Job seekers urge PM: Let us live with dignity
Struggling Australians are cutting back on food and skipping medicines to stay on top of their bills.
As the Morrison Government prepares to release the Federal Budget, Australians on the JobSeeker payment have revealed the brutally lean their weekly budget has become.
It comes as the blow of a reduced JobSeeker payment and the axing of the JobKeeper wage subsidy kick in, prompting desperate job seekers to urge the Prime Minister to raise the benefit to "a living standard".
'WE COULD ACTUALLY LIVE A REAL LIFE IF BENEFITS WERE RAISED'
The last time Cliff Fraser had a night out with his wife was NYE 2020.
They did volunteer work at a neighbourhood house and scored free tickets for a night out to the movies.
"We took our granddaughter to the movies," the 61-year-old told News Corp on the eve of the budget.
Mr Fraser was a long-haul truck driver earning nearly $120,000 a year until a heart attack during a drive from Sydney to Melbourne 10 years ago ended his driving career.
He now works two hours a day as a school cleaner to supplement his JobKeeper payment of $491.71 per fortnight.
Together with his wife Anne, who is on a pension, they live on a strict budget of just under $900 a week. Last week they were in the red $29.08.
"This shows as being in the red but we don't actually put money aside for things like car rego and other costs. We just panic when they fall due," he said.
Mr Fraser tried finding permanent work after his heart attack but didn't have much luck.
He was left with no choice but to sell his house last year and walked away debt-free but with virtually noting left over.
He and his wife are now living in a rental in Skipton, near Ballarat, in regional Victoria.
But every week is a struggle.
Recently, they needed to update their prescription glasses for $900 but their budget simply didn't allow for it. Instead they used the COVID-19 supplement they had saved up for a rainy day to pay for them.
"Last time we got an advance from Centrelink to pay for this. In effect an interest-free loan that is paid back at $19 per week. This time we saved the COVID-19 supplement to pay for them," he said.
The drop in the JobSeeker payment has left him and Anne worse off.
A small increase in the federal budget would make a huge difference, he said.
"I would like to see all Centrelink benefits raised to a living standard," Mr Fraser said.
"I would like to see it increased by $30 to $50 a day; that would make most people much better off.
"We could actually live a real life, we could occasionally go out and have a meal or watch a movie. We don't have anything in terms of entertainment in this budget."
SNAPSHOT OF CLIFF'S BUDGET LAST WEEK
JobSeeker: $491.71 per fortnight/$245.85 per week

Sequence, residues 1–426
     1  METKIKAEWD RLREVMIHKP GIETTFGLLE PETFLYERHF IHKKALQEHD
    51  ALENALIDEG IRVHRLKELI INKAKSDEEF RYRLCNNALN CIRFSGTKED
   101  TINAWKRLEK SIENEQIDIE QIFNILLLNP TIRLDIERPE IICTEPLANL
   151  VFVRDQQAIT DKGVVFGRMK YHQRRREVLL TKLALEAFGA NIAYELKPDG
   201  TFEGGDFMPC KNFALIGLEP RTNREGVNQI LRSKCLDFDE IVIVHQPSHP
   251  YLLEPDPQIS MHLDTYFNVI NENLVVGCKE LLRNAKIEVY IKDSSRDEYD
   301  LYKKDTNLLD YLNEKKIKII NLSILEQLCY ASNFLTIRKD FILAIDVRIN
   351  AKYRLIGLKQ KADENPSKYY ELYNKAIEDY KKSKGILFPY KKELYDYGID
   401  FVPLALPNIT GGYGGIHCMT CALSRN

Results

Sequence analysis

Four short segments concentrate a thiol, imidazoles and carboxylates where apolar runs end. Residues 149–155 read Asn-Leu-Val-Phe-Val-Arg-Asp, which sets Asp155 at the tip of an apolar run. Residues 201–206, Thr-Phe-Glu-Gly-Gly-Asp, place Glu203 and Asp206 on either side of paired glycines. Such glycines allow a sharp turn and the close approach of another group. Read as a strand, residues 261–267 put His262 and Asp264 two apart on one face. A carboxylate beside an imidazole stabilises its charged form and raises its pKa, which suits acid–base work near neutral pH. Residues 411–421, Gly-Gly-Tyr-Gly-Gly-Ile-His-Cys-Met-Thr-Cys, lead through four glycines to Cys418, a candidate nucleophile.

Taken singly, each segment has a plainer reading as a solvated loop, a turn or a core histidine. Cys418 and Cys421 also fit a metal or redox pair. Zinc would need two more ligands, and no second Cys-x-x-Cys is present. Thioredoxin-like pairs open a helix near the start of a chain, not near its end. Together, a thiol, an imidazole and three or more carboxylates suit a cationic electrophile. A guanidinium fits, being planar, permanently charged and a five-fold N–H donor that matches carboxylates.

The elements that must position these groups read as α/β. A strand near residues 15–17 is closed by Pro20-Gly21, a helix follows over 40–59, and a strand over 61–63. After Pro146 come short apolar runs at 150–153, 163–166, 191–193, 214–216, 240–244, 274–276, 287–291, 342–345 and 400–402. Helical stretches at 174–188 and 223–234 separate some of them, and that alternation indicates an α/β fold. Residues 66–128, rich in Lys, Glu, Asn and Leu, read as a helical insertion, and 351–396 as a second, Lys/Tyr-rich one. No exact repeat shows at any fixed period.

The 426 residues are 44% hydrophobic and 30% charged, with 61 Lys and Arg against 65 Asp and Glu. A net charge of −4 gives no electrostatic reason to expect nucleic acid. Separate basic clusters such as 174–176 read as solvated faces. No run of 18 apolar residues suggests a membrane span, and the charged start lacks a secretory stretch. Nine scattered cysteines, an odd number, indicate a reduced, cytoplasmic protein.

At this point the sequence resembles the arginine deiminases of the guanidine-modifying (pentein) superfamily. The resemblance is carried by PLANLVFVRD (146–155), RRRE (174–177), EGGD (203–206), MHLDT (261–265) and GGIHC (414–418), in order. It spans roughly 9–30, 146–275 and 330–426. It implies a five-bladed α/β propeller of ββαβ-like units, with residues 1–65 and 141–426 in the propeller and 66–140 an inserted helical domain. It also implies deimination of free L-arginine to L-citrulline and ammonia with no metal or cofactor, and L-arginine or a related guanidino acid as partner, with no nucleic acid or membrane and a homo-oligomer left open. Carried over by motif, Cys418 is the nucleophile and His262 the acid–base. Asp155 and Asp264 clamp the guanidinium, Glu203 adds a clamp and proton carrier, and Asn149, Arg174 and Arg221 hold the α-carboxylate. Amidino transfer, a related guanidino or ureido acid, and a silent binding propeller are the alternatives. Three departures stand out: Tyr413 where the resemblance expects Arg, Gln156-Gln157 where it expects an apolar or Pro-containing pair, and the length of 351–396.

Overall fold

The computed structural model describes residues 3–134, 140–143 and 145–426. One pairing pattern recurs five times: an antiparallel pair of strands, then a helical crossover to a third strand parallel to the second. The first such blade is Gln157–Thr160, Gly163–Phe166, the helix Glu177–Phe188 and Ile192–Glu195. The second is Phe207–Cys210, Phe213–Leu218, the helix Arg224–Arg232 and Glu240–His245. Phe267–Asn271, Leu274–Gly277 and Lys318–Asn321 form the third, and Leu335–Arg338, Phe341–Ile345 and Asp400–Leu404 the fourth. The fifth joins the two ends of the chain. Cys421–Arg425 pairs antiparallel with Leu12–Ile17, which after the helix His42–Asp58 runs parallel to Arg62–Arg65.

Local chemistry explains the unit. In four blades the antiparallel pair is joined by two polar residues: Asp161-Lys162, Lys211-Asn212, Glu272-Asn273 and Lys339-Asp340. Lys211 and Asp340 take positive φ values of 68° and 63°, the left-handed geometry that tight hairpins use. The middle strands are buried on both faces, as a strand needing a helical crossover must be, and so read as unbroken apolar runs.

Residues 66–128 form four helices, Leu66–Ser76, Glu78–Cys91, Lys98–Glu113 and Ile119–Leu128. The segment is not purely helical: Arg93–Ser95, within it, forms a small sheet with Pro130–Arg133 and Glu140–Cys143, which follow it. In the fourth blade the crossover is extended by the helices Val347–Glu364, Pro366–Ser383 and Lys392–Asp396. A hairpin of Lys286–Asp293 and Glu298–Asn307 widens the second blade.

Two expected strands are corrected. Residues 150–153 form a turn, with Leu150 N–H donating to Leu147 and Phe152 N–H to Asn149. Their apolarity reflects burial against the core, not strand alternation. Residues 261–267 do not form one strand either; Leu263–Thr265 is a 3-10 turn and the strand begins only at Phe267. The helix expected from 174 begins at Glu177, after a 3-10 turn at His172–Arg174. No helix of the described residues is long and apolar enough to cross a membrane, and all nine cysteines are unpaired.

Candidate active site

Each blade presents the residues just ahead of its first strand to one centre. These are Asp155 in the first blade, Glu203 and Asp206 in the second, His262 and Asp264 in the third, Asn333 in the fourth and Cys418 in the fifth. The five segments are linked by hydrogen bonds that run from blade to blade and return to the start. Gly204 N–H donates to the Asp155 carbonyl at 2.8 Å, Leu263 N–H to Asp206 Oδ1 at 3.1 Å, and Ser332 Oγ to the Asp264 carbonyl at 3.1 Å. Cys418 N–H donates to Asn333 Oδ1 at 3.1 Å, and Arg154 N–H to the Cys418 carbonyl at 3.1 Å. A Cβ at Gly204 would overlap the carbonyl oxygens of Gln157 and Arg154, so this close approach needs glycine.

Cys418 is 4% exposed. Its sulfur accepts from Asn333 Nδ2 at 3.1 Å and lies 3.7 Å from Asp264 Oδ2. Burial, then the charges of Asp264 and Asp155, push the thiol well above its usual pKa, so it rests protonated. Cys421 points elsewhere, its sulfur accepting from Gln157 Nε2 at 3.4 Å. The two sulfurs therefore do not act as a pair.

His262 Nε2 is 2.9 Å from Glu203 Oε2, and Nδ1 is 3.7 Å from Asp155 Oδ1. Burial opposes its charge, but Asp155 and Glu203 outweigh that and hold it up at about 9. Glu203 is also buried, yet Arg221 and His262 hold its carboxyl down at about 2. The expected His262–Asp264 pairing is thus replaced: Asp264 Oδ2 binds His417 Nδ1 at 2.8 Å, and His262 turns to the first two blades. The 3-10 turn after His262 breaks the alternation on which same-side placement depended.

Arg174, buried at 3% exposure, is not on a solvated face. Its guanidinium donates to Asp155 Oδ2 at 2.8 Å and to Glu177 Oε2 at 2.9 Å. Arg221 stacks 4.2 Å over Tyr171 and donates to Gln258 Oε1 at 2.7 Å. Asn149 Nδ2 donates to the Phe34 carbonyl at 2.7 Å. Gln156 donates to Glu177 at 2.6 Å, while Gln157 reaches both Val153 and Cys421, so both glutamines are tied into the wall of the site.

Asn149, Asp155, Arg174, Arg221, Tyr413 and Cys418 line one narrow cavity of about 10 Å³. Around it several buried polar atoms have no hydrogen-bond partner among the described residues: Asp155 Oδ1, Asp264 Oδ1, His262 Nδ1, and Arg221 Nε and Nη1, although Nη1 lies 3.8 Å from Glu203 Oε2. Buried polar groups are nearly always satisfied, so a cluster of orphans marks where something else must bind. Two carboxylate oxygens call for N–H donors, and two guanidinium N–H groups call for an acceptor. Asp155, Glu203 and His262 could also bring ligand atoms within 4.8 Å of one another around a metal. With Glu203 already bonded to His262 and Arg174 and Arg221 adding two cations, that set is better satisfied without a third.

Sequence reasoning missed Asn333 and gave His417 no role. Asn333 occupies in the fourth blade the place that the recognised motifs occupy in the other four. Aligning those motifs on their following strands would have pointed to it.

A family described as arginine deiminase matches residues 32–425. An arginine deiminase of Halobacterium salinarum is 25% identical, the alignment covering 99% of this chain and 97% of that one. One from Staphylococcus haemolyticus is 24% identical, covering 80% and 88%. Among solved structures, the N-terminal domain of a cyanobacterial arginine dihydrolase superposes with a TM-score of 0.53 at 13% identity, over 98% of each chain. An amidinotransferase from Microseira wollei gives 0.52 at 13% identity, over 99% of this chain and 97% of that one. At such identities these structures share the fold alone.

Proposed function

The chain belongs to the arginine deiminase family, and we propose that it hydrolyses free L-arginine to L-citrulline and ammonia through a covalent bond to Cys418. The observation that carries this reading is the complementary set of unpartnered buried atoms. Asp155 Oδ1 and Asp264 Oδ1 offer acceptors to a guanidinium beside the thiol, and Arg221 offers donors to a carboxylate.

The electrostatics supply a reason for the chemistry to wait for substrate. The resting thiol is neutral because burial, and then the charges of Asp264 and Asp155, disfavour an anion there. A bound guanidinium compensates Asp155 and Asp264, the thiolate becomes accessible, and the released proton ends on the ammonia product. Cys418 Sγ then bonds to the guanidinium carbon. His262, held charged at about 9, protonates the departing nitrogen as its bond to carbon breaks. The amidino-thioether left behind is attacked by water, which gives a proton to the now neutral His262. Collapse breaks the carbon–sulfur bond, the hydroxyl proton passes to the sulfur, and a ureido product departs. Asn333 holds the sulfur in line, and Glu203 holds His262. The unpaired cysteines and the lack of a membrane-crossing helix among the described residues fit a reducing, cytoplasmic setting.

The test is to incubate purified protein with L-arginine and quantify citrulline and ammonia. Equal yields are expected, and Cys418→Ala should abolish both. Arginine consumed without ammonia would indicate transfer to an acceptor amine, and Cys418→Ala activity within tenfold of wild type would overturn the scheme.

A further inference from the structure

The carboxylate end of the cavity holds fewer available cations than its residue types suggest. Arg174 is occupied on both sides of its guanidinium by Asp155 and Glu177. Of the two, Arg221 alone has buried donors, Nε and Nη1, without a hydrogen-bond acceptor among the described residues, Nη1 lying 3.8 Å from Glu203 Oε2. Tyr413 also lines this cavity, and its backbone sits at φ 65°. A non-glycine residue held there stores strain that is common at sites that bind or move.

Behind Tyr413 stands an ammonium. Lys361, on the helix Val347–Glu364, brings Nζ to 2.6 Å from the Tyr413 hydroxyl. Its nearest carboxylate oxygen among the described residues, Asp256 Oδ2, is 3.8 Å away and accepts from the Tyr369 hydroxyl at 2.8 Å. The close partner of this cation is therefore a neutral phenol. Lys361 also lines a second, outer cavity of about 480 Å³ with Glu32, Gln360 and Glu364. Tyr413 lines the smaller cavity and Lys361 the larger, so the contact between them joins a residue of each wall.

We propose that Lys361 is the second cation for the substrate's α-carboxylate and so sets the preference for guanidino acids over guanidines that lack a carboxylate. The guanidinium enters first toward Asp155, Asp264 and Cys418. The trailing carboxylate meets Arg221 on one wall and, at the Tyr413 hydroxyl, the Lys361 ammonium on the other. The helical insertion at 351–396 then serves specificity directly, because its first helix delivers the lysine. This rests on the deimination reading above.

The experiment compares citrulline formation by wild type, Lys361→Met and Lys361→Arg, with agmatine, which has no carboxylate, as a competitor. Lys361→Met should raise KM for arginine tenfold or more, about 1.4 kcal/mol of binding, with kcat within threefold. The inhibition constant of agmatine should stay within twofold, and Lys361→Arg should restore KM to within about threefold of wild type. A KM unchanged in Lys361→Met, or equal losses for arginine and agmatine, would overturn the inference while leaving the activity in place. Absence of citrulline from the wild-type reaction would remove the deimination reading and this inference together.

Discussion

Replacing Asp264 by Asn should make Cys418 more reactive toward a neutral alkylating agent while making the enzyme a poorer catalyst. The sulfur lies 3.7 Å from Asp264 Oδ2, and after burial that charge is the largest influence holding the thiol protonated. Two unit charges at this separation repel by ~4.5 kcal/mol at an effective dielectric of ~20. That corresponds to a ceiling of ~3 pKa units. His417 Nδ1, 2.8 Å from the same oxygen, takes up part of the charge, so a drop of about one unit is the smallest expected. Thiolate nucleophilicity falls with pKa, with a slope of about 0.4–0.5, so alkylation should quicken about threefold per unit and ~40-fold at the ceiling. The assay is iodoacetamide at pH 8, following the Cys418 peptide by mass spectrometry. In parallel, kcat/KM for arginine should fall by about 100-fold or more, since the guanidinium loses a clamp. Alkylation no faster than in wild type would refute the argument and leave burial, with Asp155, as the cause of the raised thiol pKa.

Cleaning work: $517.65 per fortnight/$258.82 per week
Anne's pension: $770.48 per fortnight/$385.24 per week
TOTAL: $1779.82 per fortnight/$889.91 per week
Cleaning products/personal hygiene: $10
Car insurance: $15
Car service, tyres, repairs etc: $35
Car registration: $14
TOTAL EXPENSES: $919
Money remaining: -$29.08
'JOBSEEKER HAS BEEN CUT WAY TOO SOON'
When Carol Perkins goes grocery shopping she looks for items that are on sale or about to expire.
"I'm already looking for food that's close to the use by date just so I can save a couple of dollars or I am looking for sales," she told News Corp.
Ms Perkins, in her fifties, from Sydney's inner west, lives on a JobSeeker payment of just $358 a week.
She lives in subsidised housing and receives a small supplement for medical costs.
Occasionally she makes a small profit from a decluttering microbusiness she has set up. But most days it just "breaks even".
"After paying rent, there's nothing much left to deal with if needed like to replace an old washing machine, or repair a fridge, computer or mobile phone," Ms Perkins said.
"There's no budget for out of pocket expenses like going to the dentist, optometrist or seeing a specialist or getting medical tests not covered by Medicare.
"No budget for hobbies or social meet ups with friends - over time mental health can take its toll and there's nothing much of a safety net out there to help people in difficult times."
Up until her mid-40, Ms Perkins had worked in office administration with stints in the NSW Premier's Department, private business and not-for-profit organisations.
She was a personal assistant for the managing director of an engineering firm for 10 years before she was made redundant from that role. Since then she has struggled to find work.
"I had a good track record up to my mid-40s and I had no idea of the challenges ahead of me. I'm dumbfounded," she said.
She's also been diagnosed with a neurological condition that can be managed with a prescription medicine but she simply cannot afford it.
"There is a medicine that my specialist recommends that costs $200 a month but there is no way I can afford this medicine; I get just $3 off a week (subsidy). I've never been able to find it (the money)."
Ms Perkins says a $60 to $80 a day increase in the JobSeeker payment would go a long way to relieving financial pressure.
"The JobSeeker has been cut too soon, way too soon. To live with a bit of dignity, to be able to afford the necessities in life, I'd like to see at least a rise of between $60- $80 a day," she said.
SNAPSHOT OF CAROL'S BUDGET LAST WEEK
JobSeeker: $620 per fortnight/$310 per week
Rent assistance: $81 per fortnight/ $40.50 per week
Supplements: $15 per fortnight or $7.50 per week
TOTAL: $716 per fortnight/$358 per week
BUDGET PER WEEK
Cleaning products/ personal hygiene: $10
(Funeral) insurance: $14
TOTAL EXPENSES: $358
Money remaining: $26
Originally published as Job seekers urge PM: Let us live with dignity